Whatever your thoughts of President Donald Trump, you cannot argue the Oval Office is having a much more profound impact on the technology industry than previous administrations. Perhaps his actions will lead the Chinese semiconductor market grow, while the manufacturing and assembly operations will be spread into other Asian markets. Another couple of years and the segment could almost look unrecognisable.

US Democratic candidates told Huawei and ZTE are a no-no

Democratic National Committee (DNC) has warned candidates against using devices manufactured by either ZTE or Huawei due to the threat the pair pose to US national security.

With tensions on the rise between the US and China, both Huawei and ZTE are remaining under the spotlight. Some might suggest there is a genuine threat to national security, while others might believe escalating the Chinese menace is a useful way to distract from domestic debacles, though the reason is irrelevant. With each passing week there is another example of Huawei and ZTE disappearing in the US.

The report comes via Reuters, with a source stating Bob Lord, the Chief Security Officer for the DNC, sending an email to all candidates warning of the threat.

“Please make sure that you are not using or purchasing ZTE or Huawei devices anywhere within your staff – for personal or work-related use,” the email stated.

Although the anti-Chinese rhetoric has been common throughout the last few months, it has largely been restricted to government proclamations. With the opposition now jumping the boo-China bandwagon, the sentiment could become much more common through US society. It is also one of the first example where an official has ventured into the personal lives of employees, instead of just limiting the warning to work-related activities. It might not be too long before the prejudice rubs off on the man-on-the-street.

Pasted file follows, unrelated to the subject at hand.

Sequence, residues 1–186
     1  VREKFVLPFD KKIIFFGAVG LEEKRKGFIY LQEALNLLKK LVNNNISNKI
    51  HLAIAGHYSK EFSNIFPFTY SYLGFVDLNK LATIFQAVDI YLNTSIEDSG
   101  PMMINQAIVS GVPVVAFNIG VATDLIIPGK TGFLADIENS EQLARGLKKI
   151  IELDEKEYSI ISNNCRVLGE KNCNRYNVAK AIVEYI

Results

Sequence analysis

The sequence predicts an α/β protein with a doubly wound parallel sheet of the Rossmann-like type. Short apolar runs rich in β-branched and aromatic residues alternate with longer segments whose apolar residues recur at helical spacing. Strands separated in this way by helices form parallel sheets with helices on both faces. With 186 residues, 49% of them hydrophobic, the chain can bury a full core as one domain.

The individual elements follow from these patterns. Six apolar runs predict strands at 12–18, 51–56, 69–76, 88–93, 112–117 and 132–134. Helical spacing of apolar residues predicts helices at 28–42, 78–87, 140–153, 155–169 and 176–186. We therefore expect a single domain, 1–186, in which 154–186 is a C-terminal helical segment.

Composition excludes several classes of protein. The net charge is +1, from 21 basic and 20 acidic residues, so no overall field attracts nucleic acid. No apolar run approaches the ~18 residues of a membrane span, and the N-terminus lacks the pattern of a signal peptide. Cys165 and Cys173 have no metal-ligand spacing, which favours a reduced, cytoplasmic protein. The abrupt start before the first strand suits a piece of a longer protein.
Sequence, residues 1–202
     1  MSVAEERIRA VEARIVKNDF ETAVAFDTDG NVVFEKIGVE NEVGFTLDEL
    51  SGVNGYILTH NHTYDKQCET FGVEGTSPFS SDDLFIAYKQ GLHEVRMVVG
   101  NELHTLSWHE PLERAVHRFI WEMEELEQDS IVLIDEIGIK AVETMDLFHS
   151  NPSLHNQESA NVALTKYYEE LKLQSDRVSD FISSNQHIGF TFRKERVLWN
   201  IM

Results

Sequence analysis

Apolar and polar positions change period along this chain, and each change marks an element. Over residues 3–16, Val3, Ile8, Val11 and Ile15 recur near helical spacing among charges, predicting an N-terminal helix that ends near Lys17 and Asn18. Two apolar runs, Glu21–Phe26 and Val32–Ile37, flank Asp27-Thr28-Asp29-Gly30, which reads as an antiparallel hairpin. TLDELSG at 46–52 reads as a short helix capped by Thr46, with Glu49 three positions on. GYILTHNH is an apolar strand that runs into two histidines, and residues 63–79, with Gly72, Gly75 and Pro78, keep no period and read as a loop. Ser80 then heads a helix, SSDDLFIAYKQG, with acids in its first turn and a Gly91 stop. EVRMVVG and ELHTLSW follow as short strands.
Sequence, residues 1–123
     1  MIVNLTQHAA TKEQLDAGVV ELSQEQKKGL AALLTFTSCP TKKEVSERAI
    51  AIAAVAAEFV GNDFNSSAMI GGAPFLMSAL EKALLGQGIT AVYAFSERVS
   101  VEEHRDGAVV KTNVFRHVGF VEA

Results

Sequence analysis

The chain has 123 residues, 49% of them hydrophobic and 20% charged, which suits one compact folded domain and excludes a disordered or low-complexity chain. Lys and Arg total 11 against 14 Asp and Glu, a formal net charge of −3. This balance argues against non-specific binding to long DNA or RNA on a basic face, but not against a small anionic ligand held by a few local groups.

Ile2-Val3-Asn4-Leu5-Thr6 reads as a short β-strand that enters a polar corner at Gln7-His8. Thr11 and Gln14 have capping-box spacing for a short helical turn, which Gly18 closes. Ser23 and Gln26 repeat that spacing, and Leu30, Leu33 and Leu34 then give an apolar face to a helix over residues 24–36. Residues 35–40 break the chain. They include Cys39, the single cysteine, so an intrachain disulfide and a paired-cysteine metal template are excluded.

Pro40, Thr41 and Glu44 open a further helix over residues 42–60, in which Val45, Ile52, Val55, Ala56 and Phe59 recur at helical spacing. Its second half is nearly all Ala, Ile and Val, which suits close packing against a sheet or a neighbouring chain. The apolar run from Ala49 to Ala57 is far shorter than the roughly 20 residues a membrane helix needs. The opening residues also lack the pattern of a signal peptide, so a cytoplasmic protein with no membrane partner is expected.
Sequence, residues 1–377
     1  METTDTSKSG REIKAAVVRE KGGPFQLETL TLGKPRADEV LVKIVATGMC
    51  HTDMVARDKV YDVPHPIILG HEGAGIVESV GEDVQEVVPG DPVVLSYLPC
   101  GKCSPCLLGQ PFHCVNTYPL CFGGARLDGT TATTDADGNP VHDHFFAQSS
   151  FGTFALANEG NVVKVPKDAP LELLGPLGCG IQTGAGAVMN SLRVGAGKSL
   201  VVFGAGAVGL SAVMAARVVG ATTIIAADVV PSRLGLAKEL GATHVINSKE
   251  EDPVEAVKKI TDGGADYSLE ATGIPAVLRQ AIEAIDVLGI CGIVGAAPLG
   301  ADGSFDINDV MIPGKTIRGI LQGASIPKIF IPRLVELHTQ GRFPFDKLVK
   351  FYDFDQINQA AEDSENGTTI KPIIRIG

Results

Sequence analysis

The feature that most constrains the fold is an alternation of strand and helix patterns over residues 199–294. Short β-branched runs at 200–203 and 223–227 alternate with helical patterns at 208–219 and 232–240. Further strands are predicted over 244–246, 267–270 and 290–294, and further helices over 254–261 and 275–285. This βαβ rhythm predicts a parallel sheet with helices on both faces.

The apparent threat is due to the proximity of the two organizations to the Chinese government, thus escalating the prospect of espionage through devices and network equipment. Government influence in ZTE is quite apparent, Shenzhen Zhongxingxin Telecommunications Equipment, a Chinese state-owned corporation, is the controlling shareholder of ZTE, though Huawei is a bit more nuanced. Huawei founder Ren Zhengfei previously worked as a military technologist for the People’s Liberation Army, though Huawei is an employee owned organization with little-proved government intervention.

This is of course just another example of the US turning against the Chinese. ZTE is still on thin ice following the ban from using any US components or IP in its supply chain, both Huawei and ZTE have been banned from being sold on military sites, while distribution deals with US telcos also disintegrated due to political pressure. Both have also been banned from selling any networking equipment to any government agencies or departments.

The cards are beginning to stack up, and it is starting to look very feasible both could be banned from US shores completely before too long on the grounds of national security. It does seem Huawei has the same hunch as it was reported in April the vendor was working on its own alternative operating system to Android. Complications with its relationship with Google could mean the millions of Huawei devices around the world are regulated to door-stops.